2016 Woodland Indian Art Show & Market

The Woodland Indian Art Show and Market (WIAS&M) is an art competition and market showcasing the unique artistic styles of Native American Nations from the midwest and eastern regions of the United States.
July 1, 2 & 3 | Oneida Radisson Hotel & Conference Center | 2040 Airport Drive | Oneida, Wisconsin

Woodland Indian Art, Inc. …

Woodland Indian Art, Inc.  is a non-profit organization created to expand the awareness and appreciation of Woodland Indian Arts and Culture through education, events and markets. We bring Woodland Indian artists together to raise awareness of their distinct artistic styles and cultures. We contribute to the economy of Native communities by cultivating the public’s appreciation of Woodland Indian artists and the unique diversity of their art. Woodland Indian Art, Inc. and its volunteers have produced the Woodland Indian Art Show and Market on the Oneida Reservation in Wisconsin since 2006. 


1 JulWIAS&M Reception

WIAS&M Reception

Join us for the Woodland Indian Art Show & Market’s opening reception. Enjoy an evening with the artists, listen to a live performance and have a bite to eat. The winners of the juried art show will be announced, plus there will be a special  presentation for the WIAS&M 10th anniversary. Tickets: $15
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1 Jul2016 Luncheon and Presentation

2016 Luncheon and Presentation

Protecting the Woodland Indian Artist’s Canvas: Mother Earth Join us for a lunch featuring a presentation by the Great Lakes Indian Fish and Wildlife Commission. Great Lakes Indian Fish & Wildlife Commission (GLIFWC) has become an active co-sponsor of this luncheon because of its mission to protect and enhance the natural resources while...
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3 JulWIAS&M Luncheon Theater

WIAS&M Luncheon Theater

Join us at 11 a.m. for a beautiful brunch followed by the one-woman play “Honor Song.” Carol O. Smart portrays her grandmother, Dr. Rosa Minoka-Hill, a Native American woman physician who served the Oneida Nation in Wisconsin during the years of 1876 through 1952. Woodland Indian Art Show & Market, Radisson Hotel & Conference...
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Image description: “The Courtship: When the River met the Forest” by Ren Katchenago Jr.  Media is Basswood on Pine carving.
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Image description: “Thirteen Moons” is a transparent watercolor on paper depicting the Haudenosaunee ‘calendar’; the thirteen lunar cycles of the year on Turtle’s back.  Artist is Dawn Dark Mountain.  It won first place in the 2-dimensional category at the 2015 Woodland Indian Art show and market.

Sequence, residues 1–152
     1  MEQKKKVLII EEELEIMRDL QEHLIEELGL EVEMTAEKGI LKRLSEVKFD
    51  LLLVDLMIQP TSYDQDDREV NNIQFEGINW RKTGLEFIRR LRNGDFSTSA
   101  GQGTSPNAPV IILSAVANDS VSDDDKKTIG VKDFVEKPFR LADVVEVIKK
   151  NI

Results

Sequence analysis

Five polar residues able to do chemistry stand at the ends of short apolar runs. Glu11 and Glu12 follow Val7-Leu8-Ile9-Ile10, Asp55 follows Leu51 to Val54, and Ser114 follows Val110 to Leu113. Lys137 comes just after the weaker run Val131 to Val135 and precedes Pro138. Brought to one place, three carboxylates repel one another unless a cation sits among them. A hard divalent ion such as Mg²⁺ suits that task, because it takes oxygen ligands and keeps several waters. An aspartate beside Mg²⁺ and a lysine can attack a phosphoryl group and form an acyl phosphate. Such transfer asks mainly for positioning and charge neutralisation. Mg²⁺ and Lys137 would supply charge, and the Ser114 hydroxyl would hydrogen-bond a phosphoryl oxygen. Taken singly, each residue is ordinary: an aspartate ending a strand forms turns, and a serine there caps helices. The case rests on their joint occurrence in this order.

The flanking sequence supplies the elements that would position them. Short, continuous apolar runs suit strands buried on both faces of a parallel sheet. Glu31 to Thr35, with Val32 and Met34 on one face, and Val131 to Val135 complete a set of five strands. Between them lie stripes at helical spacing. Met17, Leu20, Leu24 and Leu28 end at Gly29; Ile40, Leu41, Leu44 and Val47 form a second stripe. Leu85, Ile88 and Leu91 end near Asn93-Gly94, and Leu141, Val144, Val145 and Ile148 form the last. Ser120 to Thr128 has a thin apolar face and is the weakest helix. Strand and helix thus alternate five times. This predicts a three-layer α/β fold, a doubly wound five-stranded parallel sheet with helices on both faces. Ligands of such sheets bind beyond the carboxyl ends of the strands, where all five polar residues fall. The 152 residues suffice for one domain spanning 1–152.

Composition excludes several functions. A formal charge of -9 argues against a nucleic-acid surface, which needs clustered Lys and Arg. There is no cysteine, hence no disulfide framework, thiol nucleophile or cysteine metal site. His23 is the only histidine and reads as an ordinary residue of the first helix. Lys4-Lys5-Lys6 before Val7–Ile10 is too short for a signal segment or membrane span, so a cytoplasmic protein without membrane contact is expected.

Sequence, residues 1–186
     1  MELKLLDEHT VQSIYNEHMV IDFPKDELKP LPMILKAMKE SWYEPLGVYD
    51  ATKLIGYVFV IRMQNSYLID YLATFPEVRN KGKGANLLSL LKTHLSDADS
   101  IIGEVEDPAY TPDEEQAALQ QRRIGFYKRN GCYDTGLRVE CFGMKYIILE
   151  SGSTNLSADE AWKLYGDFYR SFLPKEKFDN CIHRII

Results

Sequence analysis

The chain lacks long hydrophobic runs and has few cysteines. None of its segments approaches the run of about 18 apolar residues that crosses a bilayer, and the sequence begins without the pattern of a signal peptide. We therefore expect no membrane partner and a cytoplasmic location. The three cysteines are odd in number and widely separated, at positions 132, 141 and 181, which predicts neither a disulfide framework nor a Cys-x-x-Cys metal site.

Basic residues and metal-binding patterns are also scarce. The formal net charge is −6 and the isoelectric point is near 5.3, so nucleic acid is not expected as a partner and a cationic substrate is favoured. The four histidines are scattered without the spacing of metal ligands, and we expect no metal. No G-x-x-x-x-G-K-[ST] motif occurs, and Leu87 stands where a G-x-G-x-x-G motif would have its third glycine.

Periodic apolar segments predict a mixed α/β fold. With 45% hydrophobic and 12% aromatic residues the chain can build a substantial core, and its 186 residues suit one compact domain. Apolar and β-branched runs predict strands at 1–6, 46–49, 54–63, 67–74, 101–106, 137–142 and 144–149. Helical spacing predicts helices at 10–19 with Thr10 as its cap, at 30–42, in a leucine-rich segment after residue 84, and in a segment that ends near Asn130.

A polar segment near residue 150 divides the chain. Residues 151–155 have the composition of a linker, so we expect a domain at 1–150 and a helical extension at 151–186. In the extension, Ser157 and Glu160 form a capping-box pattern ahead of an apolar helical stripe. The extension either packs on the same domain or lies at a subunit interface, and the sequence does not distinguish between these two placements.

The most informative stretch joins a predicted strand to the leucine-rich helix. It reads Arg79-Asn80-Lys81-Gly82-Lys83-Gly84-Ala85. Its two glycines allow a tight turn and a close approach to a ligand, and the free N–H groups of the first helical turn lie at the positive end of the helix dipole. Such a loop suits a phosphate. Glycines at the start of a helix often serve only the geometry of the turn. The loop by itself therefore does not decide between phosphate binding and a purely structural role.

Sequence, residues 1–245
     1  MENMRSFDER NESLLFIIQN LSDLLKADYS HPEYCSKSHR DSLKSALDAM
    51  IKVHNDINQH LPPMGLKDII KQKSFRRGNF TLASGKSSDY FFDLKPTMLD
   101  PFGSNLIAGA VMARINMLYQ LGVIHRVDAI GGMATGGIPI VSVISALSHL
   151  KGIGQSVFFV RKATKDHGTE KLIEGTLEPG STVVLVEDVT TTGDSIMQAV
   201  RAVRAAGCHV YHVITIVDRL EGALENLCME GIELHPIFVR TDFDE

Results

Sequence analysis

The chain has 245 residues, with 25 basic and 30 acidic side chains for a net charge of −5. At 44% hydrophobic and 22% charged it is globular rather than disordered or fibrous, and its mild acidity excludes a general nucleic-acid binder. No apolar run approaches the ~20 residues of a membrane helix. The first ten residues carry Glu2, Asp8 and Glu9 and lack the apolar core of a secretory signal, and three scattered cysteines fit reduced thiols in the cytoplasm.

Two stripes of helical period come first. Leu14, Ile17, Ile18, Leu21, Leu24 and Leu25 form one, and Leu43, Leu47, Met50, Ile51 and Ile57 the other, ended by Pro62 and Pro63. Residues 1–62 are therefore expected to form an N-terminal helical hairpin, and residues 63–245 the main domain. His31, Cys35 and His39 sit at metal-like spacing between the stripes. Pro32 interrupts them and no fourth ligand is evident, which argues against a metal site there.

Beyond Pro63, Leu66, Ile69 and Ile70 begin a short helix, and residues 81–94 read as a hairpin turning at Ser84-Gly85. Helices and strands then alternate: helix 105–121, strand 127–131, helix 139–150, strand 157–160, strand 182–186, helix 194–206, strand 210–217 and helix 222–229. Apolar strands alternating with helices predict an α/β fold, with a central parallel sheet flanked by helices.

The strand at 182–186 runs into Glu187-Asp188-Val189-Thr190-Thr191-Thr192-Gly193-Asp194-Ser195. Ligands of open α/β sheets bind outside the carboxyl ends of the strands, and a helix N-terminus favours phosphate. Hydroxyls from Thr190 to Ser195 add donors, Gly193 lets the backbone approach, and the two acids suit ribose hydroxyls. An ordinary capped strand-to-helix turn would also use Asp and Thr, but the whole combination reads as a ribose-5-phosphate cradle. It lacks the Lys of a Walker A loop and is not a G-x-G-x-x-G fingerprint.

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Image description: Neva Cahill’s “Iroquois Raised Beadwork” table.   The Iroquois or Haudenosaunee formed a confederacy of six nations:  Oneida, Mohawk, Onondaga, Cayuga, Seneca, Tuscarora.  In the early 1800s the Haudenosaunee style of “raised” beadwork became a collector’s item with the tourists to Niagara Falls.
By Cindy Thomas, Oneida

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Image description:”Tehanunyonkwa (He Dances)” – first place ribbon in the 2015 theme category: Laughter is Good Medicine.  It is a molded sculpture by Cyndi Thomas, inspired by her son who loves to Smoke Dance.    “When the song is over and he lands solid, I laugh from sheer joy and happiness for him.”
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Image description:  Completed “no-face” dolls are made out of corn husks.  Haudenosaunee stories say a  young girl was so vain about her beauty that she neglected her responsibility for taking care of the children while the parents tilled the fields. Corn husk dolls teach the importance of being responsible.
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Image description: Youth (12-18 yrs) are given one FREE entry to the competitive art exhibit.  They are very talented and add a lot of excitement.  This is a “Self-Portrait” by an Oneida Youth.  It won first place in the Youth Category in 2015.
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Artwork description:  Raised Beadwork is a separate category at the Woodland Indian Art Show because it is located within the Oneida Nation reservation in Wisconsin.  There are many award winning Oneida beaders here.  John Breuninger, WIA President, is shown giving Betty Willems her 2015 First Place ribbon for “Spring Garden.”
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Image Description: Traditional Native art meets the modern digital age with Michael Begay’s “reIncar NATIVE.”  It won a 2nd place ribbon in the two-dimensional category at the 2015 Woodland Indian Art Show.  We hope to see him back in 2016.